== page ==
Today our readings are the first servant song from Isaiah; Hebrews’ description of the sacrifice of Christ’s obedient death; and John’s description of the prophetic sign carried out by Mary of Bethany when she anointed Jesus in the same act both as Messiah and for his burial. If we want to walk with Jesus this week, we could do a lot worse than to look at the Servant to whom we are introduced in Isaiah.
In this song God both calls and commissions God’s Servant. The Servant is upheld, called, and given; he has strength and endurance enough not to grow faint nor be crushed until he has established justice and yet he is gentle and peaceful enough not to break a bruised reed nor quench a burning wick. He is a covenant to the people and a light to the nations. This Servant is God’s gift to all to bring about God’s righteousness all over the earth.
In calling this extraordinary Servant, God emphasises the newness of what God is doing. All this resonates with Jesus’ final journey: in his obedience to the Father’s will Jesus sets his face toward Jerusalem with strength and endurance and also gentleness and peace. We will see all of this exhibited in his last days. And why? So that he can show himself to be God’s chosen, establishing justice, bringing life, establishing a new covenant, releasing all of us who are captives to this world and its injustices.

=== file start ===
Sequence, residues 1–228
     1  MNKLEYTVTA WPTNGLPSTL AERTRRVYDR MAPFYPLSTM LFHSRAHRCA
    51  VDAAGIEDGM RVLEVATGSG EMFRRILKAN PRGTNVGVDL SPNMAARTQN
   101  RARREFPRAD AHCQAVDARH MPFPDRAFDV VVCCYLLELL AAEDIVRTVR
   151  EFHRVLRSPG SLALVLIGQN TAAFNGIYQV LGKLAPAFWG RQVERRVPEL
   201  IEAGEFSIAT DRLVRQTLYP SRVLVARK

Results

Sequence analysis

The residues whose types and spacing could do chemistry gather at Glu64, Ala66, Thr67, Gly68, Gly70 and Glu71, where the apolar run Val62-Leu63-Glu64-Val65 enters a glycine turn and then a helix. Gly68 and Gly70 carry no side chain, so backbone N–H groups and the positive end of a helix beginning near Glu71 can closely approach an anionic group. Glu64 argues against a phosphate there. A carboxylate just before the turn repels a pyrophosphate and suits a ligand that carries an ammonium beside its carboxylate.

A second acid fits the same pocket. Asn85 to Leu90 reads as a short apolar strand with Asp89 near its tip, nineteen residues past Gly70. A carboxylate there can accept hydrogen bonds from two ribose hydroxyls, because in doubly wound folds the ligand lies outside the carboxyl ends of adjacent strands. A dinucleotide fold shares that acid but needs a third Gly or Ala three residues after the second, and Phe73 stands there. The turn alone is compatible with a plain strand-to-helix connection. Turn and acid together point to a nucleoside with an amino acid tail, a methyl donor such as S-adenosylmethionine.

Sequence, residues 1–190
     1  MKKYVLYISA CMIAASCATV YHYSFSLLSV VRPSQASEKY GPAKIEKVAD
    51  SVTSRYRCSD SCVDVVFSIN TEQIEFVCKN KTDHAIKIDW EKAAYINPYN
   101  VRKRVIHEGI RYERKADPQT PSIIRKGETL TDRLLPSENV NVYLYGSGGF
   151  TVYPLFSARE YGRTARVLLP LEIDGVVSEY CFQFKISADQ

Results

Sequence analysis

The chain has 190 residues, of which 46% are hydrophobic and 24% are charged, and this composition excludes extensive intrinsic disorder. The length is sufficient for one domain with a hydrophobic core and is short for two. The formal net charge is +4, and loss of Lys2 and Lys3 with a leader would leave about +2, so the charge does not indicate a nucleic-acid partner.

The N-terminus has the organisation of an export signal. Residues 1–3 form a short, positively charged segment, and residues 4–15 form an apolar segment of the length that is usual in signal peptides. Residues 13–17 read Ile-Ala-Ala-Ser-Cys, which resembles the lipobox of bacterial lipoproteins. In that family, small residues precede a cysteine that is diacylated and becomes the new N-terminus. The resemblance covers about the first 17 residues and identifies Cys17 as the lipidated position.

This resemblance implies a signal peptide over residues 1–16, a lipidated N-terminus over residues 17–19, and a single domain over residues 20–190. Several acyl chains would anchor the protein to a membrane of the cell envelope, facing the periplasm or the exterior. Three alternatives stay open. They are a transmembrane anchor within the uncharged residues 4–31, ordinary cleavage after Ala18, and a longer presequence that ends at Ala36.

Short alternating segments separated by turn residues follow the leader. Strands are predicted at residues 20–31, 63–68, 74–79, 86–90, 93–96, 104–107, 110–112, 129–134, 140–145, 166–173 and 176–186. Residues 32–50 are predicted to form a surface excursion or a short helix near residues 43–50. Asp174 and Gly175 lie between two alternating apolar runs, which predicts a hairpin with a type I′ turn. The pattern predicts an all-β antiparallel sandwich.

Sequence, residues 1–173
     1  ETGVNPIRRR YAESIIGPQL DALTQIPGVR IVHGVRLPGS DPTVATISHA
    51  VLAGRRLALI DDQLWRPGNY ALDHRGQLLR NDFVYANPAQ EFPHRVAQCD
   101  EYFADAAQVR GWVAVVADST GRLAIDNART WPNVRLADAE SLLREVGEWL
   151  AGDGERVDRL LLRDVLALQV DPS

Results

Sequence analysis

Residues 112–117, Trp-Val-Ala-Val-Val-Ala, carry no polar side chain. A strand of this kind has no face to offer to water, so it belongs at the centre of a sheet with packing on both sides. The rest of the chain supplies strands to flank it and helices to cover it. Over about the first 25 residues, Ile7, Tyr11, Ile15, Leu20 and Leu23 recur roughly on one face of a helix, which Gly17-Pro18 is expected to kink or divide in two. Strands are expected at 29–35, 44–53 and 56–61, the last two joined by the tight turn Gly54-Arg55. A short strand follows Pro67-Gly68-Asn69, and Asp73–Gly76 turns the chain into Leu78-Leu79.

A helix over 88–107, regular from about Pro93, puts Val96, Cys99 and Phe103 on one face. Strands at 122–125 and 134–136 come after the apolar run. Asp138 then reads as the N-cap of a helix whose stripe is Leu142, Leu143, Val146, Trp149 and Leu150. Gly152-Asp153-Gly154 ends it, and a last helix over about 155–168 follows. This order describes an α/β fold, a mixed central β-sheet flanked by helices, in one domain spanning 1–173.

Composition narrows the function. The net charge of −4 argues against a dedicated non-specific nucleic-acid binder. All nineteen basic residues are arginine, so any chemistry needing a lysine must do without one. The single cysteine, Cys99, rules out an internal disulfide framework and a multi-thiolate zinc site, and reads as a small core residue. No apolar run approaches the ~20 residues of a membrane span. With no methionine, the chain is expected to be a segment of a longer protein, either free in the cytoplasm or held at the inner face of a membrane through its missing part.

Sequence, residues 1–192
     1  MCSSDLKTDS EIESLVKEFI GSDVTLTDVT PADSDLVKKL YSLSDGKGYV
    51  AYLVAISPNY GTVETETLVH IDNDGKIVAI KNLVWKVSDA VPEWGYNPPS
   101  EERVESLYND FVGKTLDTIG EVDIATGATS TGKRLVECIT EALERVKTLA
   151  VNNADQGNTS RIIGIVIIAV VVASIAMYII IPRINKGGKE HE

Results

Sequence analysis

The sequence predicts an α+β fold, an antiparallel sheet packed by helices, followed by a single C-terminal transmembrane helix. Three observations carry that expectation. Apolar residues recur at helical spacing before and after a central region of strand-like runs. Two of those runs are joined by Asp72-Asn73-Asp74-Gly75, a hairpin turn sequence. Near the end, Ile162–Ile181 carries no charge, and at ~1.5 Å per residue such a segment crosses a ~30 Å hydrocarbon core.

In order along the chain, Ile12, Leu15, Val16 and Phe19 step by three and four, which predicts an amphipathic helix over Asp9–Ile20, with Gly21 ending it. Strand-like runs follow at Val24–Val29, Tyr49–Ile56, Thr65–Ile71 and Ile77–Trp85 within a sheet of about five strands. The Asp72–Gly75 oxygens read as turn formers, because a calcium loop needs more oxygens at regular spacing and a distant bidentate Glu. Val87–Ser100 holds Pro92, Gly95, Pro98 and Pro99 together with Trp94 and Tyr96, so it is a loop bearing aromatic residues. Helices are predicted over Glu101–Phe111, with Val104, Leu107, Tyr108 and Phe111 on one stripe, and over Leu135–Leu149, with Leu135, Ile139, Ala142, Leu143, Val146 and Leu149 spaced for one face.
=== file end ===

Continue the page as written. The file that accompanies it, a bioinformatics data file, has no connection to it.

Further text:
Mary of Bethany recognised that Jesus was God’s Servant and God’s Messiah and she knew what that meant: as Servant and Messiah Jesus would do God’s will, putting him on a collision course with the powers-that-be in our fallen world. His faithfulness to God would likely lead to his death, but it also proclaimed him as God’s Messiah, the true Shepherd for God’s people. Thus she anoints him, prophesying both his approaching death and his incredible vindication.
Following her lead, we bear witness this week as he fulfils the promise of his ministry of healing and proclamation. On Thursday evening and Friday afternoon Jesus, the Servant of God, will establish a new covenant, sealed in his own blood, by his obedience even in the face of death, his submission to brutality and judicial murder rather than to betray his relationship with the God who loves and chooses and delights in him. And on Sunday morning God will have the last word.